Who cleans in a shared or public setting? Whose responsibility is it? Does hiring someone to clean absolve others of their responsibility to do so?
I debated these questions with some colleagues. One position, to apply both simplification and straw-man, was that we pay people to clean (janitors at work, maids at home). It’s literally their job. Those who aren’t paid to clean have no responsibility to do so and should focus their time and energy on other tasks.
This point of view did not sit well with me, for the following reasons.
Community. Even the most specialized of labor contributes to a common goal. Indeed, specialization can only exist because of community. Specialization has its benefits, but to shoehorn people into too specialized a role introduces unnecessary inefficiency for the entire community or team.
An example: My college choir gave a concert in Germany. After assessing the acoustics, our conductor asked the tech team to move the risers a few centimeters toward the audience. “We’re sorry,” the team replied. “We’re the setup team, not the adjustment team. You’ll have to wait an hour for the adjustment team to arrive.” Our shared goal was to stage an excellent concert. Specializing to the point of refusing to do another specialist’s task obstructed that goal.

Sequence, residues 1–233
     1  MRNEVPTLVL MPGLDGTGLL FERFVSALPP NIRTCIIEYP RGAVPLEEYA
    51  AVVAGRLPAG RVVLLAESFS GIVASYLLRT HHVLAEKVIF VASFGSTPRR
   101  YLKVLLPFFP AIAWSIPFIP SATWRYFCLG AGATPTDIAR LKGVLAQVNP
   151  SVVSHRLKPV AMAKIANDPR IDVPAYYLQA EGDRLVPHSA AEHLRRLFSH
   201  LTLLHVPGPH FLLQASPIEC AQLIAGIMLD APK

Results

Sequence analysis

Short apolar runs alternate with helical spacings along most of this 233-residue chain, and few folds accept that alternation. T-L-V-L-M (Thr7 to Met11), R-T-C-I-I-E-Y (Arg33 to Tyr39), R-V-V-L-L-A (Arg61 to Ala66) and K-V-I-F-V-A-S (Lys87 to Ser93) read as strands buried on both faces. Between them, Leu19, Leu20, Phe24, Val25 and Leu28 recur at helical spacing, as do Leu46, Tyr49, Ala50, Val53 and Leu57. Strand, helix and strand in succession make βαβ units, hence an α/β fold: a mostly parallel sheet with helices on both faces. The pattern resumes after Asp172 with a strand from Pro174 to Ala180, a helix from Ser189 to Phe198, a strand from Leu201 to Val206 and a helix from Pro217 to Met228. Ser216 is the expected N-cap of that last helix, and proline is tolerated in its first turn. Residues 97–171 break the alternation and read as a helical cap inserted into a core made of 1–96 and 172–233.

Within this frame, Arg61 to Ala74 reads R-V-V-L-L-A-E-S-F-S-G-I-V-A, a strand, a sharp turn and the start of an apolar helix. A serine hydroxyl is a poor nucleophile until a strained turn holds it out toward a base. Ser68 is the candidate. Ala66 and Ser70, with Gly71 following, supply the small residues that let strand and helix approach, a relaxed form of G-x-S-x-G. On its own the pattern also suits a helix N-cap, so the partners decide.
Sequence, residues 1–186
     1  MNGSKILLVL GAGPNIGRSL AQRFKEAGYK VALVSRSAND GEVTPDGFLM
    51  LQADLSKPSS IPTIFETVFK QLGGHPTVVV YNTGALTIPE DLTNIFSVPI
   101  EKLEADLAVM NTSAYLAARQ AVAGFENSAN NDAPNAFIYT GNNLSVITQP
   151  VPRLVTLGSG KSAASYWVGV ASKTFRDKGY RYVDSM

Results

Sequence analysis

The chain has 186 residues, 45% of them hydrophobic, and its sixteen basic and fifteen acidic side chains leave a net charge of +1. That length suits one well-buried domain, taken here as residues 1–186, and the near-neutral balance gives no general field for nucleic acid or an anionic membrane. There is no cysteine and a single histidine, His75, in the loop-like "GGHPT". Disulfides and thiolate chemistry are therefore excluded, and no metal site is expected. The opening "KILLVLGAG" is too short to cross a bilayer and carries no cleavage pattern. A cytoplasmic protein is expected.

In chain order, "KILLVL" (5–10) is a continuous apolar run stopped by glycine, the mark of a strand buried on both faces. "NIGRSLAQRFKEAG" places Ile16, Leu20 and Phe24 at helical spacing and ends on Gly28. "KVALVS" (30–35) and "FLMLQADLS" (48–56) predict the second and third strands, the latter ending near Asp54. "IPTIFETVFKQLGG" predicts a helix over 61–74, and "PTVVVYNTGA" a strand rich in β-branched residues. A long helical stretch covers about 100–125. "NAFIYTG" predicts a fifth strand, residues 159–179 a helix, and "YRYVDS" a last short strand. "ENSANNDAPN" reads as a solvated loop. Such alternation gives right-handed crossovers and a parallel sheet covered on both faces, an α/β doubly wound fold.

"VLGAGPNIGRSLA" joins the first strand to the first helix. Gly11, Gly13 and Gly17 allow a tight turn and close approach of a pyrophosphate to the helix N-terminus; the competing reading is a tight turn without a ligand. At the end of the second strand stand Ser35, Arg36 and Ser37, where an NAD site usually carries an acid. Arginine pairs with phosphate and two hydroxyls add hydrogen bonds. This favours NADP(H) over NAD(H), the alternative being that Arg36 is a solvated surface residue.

Respect. Someone drops trash on the floor and walks away. “I pay the janitor to clean that trash up.” No, you pay the janitor to keep things clean. They have enough to do without you artificially increasing their workload.
At the end of the day, most cases of people leaving a mess for others to deal with comes down to respect. The person leaving the mess values their time and comfort more than the time and comfort of others. “I don’t have time to clean it up. I have more important things to do. I don’t want to crawl under the table to pick it up. The janitor can do that.”
Conclusion. I’m not asking you to use your toothbrush to clean up after someone else’s bad aim. I’m just asking you to clean up after yourself. Encourage others to do the same. It shows respect for those who clean up after others, and it furthers community relationships and goals.
If you decide to spend the last five minutes of your lunch break someday cleaning the shared microwave or fridge, heart points for you ❤